While the majority of us in the Western developed world live with access to power 24 hours a day, more than half a billion people in Africa live without access to electricity.
Now, in an initiative financed by the World Bank, US-based energy firm Solar Bankers is using a Blockchain to power 70,000 Nigerian households.
In the sub-Saharan continent of Africa, nearly 600,000 people are without a reliable means of electricity, and more than 55 percent of residents living in outlying rural areas do not have access to an electric grid, according to data compiled by the World Resources Institute.
Nigerian author Chimamanda Ngozi Adichie described the impact of poor electricity supplies in his hometown in Lagos, Nigeria in a recent NY Times article:
“I cannot help but wonder how many medical catastrophes have occurred in public hospitals because of ‘no light,’ how much agricultural produce has gone to waste, how many students forced to study in stuffy, hot air have failed exams, how many small businesses have foundered.”
Empowering the “Solar-Rich Power-Poor”
At the core of the issue are two systemic problems: the lack of a power source to generate electricity and a broken and often utterly absent infrastructure required to electrify rural communities.
Blockchain-based solar technologies solve both of these problems and offer rural communities the opportunity to participate in the technological global economy making many entrepreneurs for the first time, says Alfred Jost, CEO of Solar Bankers.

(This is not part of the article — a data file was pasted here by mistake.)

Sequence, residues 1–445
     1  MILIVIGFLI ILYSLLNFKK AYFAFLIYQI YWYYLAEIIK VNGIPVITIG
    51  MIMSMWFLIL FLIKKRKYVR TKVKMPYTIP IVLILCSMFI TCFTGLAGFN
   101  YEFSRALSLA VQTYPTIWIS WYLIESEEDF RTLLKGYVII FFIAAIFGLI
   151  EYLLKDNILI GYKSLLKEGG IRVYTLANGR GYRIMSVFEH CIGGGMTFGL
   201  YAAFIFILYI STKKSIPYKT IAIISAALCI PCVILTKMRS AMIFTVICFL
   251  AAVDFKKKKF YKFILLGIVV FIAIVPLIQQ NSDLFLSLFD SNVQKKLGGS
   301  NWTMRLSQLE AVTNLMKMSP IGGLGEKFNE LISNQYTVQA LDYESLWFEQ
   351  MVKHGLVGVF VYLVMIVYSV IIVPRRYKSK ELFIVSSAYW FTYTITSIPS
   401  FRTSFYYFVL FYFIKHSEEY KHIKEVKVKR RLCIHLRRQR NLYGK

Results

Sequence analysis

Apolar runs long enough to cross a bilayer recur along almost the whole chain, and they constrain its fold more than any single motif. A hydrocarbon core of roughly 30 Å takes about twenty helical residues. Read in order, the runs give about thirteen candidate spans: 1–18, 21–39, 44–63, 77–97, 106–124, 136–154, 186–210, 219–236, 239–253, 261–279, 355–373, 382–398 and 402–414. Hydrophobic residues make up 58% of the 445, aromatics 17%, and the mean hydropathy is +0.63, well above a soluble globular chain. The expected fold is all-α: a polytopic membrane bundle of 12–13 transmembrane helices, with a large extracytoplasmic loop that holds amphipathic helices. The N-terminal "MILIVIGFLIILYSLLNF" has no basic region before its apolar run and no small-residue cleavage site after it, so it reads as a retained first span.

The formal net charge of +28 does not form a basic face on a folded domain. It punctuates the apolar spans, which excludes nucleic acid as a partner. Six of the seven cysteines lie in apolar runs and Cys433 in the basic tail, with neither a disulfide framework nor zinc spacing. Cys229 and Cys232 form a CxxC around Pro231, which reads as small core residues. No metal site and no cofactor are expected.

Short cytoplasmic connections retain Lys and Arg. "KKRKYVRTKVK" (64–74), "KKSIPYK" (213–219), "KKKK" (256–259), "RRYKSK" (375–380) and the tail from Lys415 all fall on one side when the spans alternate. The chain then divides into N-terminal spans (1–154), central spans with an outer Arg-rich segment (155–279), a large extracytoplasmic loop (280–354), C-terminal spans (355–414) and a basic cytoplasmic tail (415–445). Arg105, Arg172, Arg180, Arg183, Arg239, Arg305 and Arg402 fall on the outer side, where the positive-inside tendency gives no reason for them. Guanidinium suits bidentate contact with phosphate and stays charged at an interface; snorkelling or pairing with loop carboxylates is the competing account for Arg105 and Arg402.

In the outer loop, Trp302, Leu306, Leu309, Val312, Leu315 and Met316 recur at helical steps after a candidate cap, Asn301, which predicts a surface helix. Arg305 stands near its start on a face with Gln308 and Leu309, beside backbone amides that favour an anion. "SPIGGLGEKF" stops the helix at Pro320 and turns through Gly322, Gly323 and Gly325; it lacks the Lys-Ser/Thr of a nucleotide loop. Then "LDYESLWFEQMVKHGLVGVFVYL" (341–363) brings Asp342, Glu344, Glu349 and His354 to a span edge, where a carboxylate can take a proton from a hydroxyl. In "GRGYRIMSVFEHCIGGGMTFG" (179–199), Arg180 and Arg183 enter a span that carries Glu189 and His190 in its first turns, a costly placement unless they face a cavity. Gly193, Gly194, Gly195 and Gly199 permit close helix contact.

Alfred Jost, CEO of Solar Bankers in an interview with U.Today, says:
“We want to give everybody the chance to make money from the sun. With the power of the sun and Blockchain, we can achieve this goal.”
Solar Bankers has developed an off-grid electricity network which enables rural households to receive and sell electricity generated through solar panels using a peer-to-peer network powered by the company’s Skycoin Blockchain.
Households will be supplied with specialized solar panels which can be installed in their homes and participants will use mobile phones or other devices to connect to the power grid enabling them to store and trade solar energy tokens the Solar Bankers Coin (SLB) on the company’s Blockchain.
The company estimates that households will be able to produce electricity for $0.04 and sell it at a higher price.
Households will be paid in SLB coins which they can use to buy goods or other necessities and can sell the excess power to participants in the platform.
Solar Bankers’ Skycoin Blockchain, developed by early Bitcoin and Ethereum coders, uses one kWh per transaction, far less than Bitcoin’s Blockchain which consumes 850 kWh per transaction and Ethereum’s total consumption which was 18.5 TWh last year, the company says. It also does not charge any mining fees.
“We knew that we need to find an energy efficient solution to produce our coin; otherwise our protocol would not work.”
Skycoin’s Blockchain node does not require any power source except the Sun and runs on a consensus algorithm which can generate 50 mln coins in two hours and perform 300 transactions per second, the company says.